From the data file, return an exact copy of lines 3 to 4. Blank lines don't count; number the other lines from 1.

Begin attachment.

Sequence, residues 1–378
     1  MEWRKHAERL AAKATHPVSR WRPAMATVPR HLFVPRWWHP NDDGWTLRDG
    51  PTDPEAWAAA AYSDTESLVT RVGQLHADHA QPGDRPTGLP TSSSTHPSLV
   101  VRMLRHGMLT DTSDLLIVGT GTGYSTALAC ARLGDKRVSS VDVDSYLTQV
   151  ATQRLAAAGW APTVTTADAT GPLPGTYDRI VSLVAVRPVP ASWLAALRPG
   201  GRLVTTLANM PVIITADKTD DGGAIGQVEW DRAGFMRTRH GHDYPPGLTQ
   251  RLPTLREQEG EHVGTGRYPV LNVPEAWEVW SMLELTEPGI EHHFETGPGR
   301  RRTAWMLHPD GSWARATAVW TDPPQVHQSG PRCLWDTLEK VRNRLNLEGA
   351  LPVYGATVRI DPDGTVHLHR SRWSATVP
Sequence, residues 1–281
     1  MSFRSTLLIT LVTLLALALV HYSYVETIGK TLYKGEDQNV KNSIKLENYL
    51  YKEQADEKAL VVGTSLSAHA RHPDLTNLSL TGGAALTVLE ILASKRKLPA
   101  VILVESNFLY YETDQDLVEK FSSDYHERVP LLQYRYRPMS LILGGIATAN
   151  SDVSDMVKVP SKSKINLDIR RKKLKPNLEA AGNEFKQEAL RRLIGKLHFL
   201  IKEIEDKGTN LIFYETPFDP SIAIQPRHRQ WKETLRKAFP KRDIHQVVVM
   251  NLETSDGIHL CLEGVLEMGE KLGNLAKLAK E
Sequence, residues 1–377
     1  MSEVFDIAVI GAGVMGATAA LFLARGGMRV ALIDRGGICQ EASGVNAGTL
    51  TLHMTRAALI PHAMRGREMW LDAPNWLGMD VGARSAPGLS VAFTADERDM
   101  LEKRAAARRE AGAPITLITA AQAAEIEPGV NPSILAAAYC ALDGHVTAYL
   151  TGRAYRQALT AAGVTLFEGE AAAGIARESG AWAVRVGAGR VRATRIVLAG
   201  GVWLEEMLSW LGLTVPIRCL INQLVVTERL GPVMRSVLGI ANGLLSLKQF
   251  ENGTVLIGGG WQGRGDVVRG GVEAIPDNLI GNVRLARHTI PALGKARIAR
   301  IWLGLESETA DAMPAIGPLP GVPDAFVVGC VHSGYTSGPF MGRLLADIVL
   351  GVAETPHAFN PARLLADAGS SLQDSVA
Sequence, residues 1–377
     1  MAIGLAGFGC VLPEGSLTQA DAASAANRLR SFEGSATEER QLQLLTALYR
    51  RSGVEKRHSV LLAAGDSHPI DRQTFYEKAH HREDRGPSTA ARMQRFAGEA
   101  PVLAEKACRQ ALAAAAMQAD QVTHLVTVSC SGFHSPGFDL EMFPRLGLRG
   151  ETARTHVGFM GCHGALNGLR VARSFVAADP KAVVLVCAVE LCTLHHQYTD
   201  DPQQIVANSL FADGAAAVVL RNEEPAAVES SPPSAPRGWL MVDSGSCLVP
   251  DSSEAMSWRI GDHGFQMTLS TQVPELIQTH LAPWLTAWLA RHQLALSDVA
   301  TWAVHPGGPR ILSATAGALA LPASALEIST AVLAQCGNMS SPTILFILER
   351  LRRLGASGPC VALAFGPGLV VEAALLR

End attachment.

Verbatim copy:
    51  PTDPEAWAAA AYSDTESLVT RVGQLHADHA QPGDRPTGLP TSSSTHPSLV
   101  VRMLRHGMLT DTSDLLIVGT GTGYSTALAC ARLGDKRVSS VDVDSYLTQV